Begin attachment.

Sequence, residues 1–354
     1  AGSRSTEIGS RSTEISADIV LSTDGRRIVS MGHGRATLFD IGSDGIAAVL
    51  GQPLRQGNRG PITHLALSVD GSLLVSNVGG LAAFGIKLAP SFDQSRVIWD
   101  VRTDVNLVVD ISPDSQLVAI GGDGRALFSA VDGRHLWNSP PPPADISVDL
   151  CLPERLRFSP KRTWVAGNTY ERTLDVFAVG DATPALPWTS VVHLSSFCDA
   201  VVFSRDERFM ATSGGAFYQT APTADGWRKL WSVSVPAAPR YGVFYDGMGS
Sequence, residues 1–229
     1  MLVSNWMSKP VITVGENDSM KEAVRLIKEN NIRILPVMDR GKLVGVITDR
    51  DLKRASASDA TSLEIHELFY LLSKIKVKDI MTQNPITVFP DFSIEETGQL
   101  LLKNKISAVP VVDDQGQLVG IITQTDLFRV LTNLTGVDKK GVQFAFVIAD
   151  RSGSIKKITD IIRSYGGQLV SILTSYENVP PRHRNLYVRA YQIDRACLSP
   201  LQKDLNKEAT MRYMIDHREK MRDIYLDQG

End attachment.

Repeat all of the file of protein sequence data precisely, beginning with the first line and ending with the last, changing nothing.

Sequence, residues 1–354
     1  AGSRSTEIGS RSTEISADIV LSTDGRRIVS MGHGRATLFD IGSDGIAAVL
    51  GQPLRQGNRG PITHLALSVD GSLLVSNVGG LAAFGIKLAP SFDQSRVIWD
   101  VRTDVNLVVD ISPDSQLVAI GGDGRALFSA VDGRHLWNSP PPPADISVDL
   151  CLPERLRFSP KRTWVAGNTY ERTLDVFAVG DATPALPWTS VVHLSSFCDA
   201  VVFSRDERFM ATSGGAFYQT APTADGWRKL WSVSVPAAPR YGVFYDGMGS
Sequence, residues 1–229
     1  MLVSNWMSKP VITVGENDSM KEAVRLIKEN NIRILPVMDR GKLVGVITDR
    51  DLKRASASDA TSLEIHELFY LLSKIKVKDI MTQNPITVFP DFSIEETGQL
   101  LLKNKISAVP VVDDQGQLVG IITQTDLFRV LTNLTGVDKK GVQFAFVIAD
   151  RSGSIKKITD IIRSYGGQLV SILTSYENVP PRHRNLYVRA YQIDRACLSP
   201  LQKDLNKEAT MRYMIDHREK MRDIYLDQG